Blogpost

A picture is worth a thousand words

Gepubliceerd op
20 juli 2017

A picture is worth a thousand words. Why then do I even bother to write?

Photo by Jacob Kaptein

A picture is worth a thousand words. My words would pale beside the photographs taken during the recent FNP staff outing – to be precise – photographs taken during a workshop given by last year’s National
Geographic nature photographer of the year. Why then do I even bother to write?

Because words do have a role in expressing the joy all of us had in the Leersum forest. Words can express thanks to Jacob Kaptein, the young photographer and Wageningen forestry management student, who already has several prestigious photography prizes to his credit. Jacob has a spacious wonder for the world around him. Seeing, like William Blake, ‘a world in a grain of sand and a heaven in a wild flower’, he writes in his website that he is fascinated by colours, forms, dimensions and dynamics, and the more he pays attention to these, the more they draw his attention.

After his inspirational briefing, the FNP wannabe’s – armed with pocket cameras to sophisticated zooms with years of trusted service or merely borrowed for the day – fanned out to vantage points in search of what nature had to offer on this rather humid July afternoon.  The results were shots of dancing bees, doe-eyed calves, rough tree barks harbouring shadows under their flakiness, slender mushrooms, waving grasses, winding paths and fallen branches reflected in the coolness of water puddles. Jim van Laar, who organised the outing, says these will go into FNP’s photo library for publications, education or other informative materials. And you would be extraordinary to have read up to here without being distracted by some of these shots (mouse on click to enlarge). The group photograph was taken by Jacob himself.





Re:acties 6

  • Az

    Small yet bigly.

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  • Tong Teck

    Words and pictures are like music and lyrics to a great song. Each can stand on its own but together, they become a masterpiece. And I see a great symphony in what you have done here kEEN, and it is great. We are often so engrossed in making a living that we forget and neglect God's greatest creation, our environment, and thanks for sharing it with us. Your blog and Suzy's effort are a inspiration to us all. Thanks again kEEN.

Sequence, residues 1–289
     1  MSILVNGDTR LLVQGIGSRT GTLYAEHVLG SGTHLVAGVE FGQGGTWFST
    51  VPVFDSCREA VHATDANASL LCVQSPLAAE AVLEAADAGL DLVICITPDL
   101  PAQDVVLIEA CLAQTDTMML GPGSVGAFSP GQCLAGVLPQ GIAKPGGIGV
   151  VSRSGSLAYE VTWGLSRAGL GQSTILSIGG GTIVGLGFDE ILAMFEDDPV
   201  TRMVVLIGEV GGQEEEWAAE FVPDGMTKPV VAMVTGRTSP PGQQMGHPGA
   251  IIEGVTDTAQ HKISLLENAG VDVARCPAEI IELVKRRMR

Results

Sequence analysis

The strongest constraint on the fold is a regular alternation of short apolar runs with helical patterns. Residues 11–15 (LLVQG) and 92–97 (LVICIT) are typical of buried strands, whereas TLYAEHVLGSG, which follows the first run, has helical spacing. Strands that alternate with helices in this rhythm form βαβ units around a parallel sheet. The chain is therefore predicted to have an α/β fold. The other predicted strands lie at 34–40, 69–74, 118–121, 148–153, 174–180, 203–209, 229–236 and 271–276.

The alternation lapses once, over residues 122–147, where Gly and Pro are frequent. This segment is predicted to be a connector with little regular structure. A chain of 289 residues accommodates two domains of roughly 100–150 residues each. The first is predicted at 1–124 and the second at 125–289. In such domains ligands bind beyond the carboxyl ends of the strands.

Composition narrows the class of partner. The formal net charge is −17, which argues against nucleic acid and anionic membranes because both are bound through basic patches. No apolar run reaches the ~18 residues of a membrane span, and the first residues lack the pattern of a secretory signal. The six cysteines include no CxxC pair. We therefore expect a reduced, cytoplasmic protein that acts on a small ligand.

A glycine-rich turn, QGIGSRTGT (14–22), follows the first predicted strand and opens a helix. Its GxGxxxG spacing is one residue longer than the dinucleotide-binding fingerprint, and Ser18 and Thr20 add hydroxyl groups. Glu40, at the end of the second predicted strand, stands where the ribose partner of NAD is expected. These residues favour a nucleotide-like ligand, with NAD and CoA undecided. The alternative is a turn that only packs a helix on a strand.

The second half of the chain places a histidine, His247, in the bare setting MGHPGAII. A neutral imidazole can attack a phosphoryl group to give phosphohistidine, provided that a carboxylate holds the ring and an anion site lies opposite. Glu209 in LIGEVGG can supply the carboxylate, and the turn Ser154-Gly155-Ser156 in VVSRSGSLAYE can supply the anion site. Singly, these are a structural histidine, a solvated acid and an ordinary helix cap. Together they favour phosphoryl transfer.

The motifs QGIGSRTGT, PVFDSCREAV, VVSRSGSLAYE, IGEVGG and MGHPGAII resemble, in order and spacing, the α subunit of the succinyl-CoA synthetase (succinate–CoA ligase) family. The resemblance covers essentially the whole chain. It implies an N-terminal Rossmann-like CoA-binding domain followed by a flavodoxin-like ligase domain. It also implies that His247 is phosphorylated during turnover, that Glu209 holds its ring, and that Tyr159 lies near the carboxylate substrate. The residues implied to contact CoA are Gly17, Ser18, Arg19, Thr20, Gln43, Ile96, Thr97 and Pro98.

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  • Sum Wai Muan

    Lovely pictures. Nice serene countryside

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  • Pui Mun molloy

    Words can capture the context of these beautiful photographs. Thank you for sharing the inspiration behind them. Makes me want to walk out now to photograph the beauty of the bayous after the devastation left behind by Hurricane Harvey here in Houston. You never know who you can reach out to by sharing. Thank you FNP

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  • Teo Boon Leng

    Great work... Great walk. Keep up the fantastic effort at helping people re-connect with nature and all its wondrous beauty. We need more of such activities, groups. This token gesture of approval and gratefulness comes all the way from tropical Singapore.

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  • Suzy Hutomo

    What a wonderful walk!
    Great photographs from someone with a keen eye for detail. No pun intended!

    Love the photos of photographers at work and that old man tree - wonder how that came about.

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